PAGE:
Sara and Erica of Baking JDs were our March 2012 Daring Baker hostesses! Sara & Erica challenged us to make Dutch Crunch bread, a delicious sandwich bread with a unique, crunchy topping. Sara and Erica also challenged us to create a one of a kind sandwich with our bread!

The recipe and instructions are here on their site.

15 February 2012

baby steps of progress

Squeeeee! They've sprouted! 

Look at that sweet, little, tiny baby lettuce!
Granted, these are radishes and leaf lettuce, which are notoriously easy. 
But still...my garden is growing!! 

Hello, row of radishes! A couple more weeks and I'll eat you!
(I way overexposed and supersaturated the pictures so the sprouts were more visible.)

14 February 2012

wake up feeling like crap...no more!

I just discovered this super-awesome app for my iPhone. It's called Sleep Cycle alarm clock and the premise behind it is ingenious. Since we go in and out of varying depth sleep cycles throughout the night, this alarm clock monitors you and within a designated time window, will wake you when you are in your lightest sleep.

From experience, the effect is that your alarm goes off almost like you were expecting it. It's as if you are "sleeping 'til you wake up" but somehow an alarm is involved. I love it. Hopefully, gone are the days of hearing a strange beat from the far side of my dream, slowly and confusingly realizing I was actually sleeping and not knowing what is going on before I remember that Disco Inferno is my alarm and I'm supposed to be waking up. (Yeah, yeah, it's a run-on, but I think it really lets you experience the confusion I'm talking about.)

Apparently your body moves, or doesn't as the case may be, depending on which cycle you are in. This app uses the sensitive accelerometer in the iPhone and monitors your movements, resulting in a graphed record of your sleep. I'm a graph person. I love analyzing and finding patterns. To me, the alarm feature is just an added bonus.

At left is my graph from last night. At 2am, you can see I came out of a pretty deep sleep since my dog had put me in such an uncomfortable position. I  kicked her off. Then at 6:30-ish am, my 2 year-old wanted to get up. I coaxed her into going back to sleep. (You can see that shortly after 7am I was in the deep, deep throes of la-la land, so I'm not sure when she crawled out of my bed.)

The cool thing is that after a few nights, I've noticed a pattern. One, I've been entirely horrible about going to bed at a reasonable hour, but that's nothing new. Second, I've noticed that I am consistently in light sleep or even awake in the six o'clock hour. If I can just go to bed earlier, it seems as though I should be able to wake up "for good" at that early hour. Heck, I just might become a morning person after all.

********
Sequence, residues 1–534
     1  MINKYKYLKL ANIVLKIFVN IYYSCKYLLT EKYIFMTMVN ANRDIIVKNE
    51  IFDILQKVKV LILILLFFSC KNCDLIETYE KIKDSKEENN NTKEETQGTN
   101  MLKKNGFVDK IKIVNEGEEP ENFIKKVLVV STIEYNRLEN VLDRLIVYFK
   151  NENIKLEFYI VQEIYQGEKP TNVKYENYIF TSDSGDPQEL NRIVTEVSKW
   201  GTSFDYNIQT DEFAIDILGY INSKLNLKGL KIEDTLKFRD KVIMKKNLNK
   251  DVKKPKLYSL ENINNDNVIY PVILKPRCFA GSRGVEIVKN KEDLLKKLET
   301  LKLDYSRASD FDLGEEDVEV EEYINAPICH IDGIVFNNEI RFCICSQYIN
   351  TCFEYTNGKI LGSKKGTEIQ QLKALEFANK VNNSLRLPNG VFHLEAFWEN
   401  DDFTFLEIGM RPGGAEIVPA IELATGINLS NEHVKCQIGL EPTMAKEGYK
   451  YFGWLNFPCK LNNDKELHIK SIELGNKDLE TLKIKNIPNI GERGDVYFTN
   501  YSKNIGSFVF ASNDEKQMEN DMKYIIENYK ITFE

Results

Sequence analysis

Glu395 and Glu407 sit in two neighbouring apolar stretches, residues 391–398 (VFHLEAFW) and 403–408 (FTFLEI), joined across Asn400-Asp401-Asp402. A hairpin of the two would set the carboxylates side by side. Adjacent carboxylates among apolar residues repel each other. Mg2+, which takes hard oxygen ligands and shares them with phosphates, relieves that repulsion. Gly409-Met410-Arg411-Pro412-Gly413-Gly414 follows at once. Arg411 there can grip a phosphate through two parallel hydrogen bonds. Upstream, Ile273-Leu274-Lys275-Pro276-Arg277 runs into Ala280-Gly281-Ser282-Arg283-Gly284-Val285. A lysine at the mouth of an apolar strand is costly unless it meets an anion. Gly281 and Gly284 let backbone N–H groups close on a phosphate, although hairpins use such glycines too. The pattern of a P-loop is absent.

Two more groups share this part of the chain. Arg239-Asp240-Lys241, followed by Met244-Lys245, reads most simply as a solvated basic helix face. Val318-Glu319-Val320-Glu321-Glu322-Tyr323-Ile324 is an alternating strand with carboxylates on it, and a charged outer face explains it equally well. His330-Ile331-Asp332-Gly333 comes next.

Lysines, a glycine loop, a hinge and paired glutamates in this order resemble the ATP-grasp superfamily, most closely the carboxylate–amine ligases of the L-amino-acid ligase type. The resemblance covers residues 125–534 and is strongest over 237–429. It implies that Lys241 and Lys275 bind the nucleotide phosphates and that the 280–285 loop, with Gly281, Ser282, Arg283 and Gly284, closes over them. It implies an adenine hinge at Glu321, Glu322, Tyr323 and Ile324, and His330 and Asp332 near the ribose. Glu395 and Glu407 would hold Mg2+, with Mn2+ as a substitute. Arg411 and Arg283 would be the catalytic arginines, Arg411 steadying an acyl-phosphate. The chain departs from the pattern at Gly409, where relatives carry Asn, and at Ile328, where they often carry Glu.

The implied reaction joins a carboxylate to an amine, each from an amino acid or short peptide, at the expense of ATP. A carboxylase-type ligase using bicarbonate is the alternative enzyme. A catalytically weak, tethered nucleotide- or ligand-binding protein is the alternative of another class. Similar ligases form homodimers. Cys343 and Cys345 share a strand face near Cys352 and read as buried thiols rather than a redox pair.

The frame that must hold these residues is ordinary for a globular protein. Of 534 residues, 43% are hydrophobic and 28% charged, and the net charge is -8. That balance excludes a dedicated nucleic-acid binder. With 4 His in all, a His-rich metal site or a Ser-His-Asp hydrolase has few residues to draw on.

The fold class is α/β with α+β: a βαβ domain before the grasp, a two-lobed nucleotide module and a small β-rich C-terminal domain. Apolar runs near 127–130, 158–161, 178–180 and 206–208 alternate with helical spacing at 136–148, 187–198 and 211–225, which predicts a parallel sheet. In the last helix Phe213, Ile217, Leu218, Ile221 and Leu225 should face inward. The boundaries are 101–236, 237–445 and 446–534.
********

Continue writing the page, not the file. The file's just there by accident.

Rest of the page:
PS - This app costs $.99 and is well worth it in my opinion. 

06 February 2012

fresh veggies? yes, please.

We have a motto here about our yard:

Don't waste your time growing things that aren't edible or useful.

Take out your frustrations and give that bag a good stabbing.
In that vein, all the beautiful but pointless ornamentals planted by the previous owners have died. Well, not quite all of them. The ornamentals that were strong enough to make it through the Houston summers and random freezes without any help from me have lived. I'm rather proud of those tough little suckers.

The now rather empty flower bed surrounding our back patio is starting to fill up with kitchen and medicinal herbs. Parsley, Oregano, Chives, Horehound and Rosemary, to name a few. But herbs haven't been enough.

I've been wanting a vegetable garden for quite some time now, but it didn't ever make it to the top of the priority pile. See, vegetable gardening is a very labor-intensive task. I'd first have to section out part of my yard. But we have a sprinkler system and I'd have to make sure I wasn't getting in any pipe's way. Then I'd have to rototill, and since our soil is crappy clay crap, I'd for sure have to add all sorts of stuff to it to make it growable. But I wouldn't want to since it's so much work, so raised beds with new, good soil would be the next best option. But that's a lot of work because I'd have to...Are you getting the picture?

Oooh! Such a sinister gardening moment!
Well. God bless Mother Earth News magazine. I love checking out their back issues from the library and in the April/May 2010 issue I found the answer to my problem: a no-dig garden! You simply buy bags of gardening soil, cut them open and plant directly into them. Brilliant! No roto-tilling, partitioning of yards or amending soil. Plus, I could start as small as I needed to.

First, you jab a bunch of holes in one side. They suggest a screwdriver, I used the handle of a spoon that one of the kids had left out from their grub digging. Either way, this puppy needs some drainage holes. I also suggest massaging the bag to distribute the soil evenly. Mine was rather compacted to one side. Plus, who knows, maybe that soil is all stressed out from being handled so violently.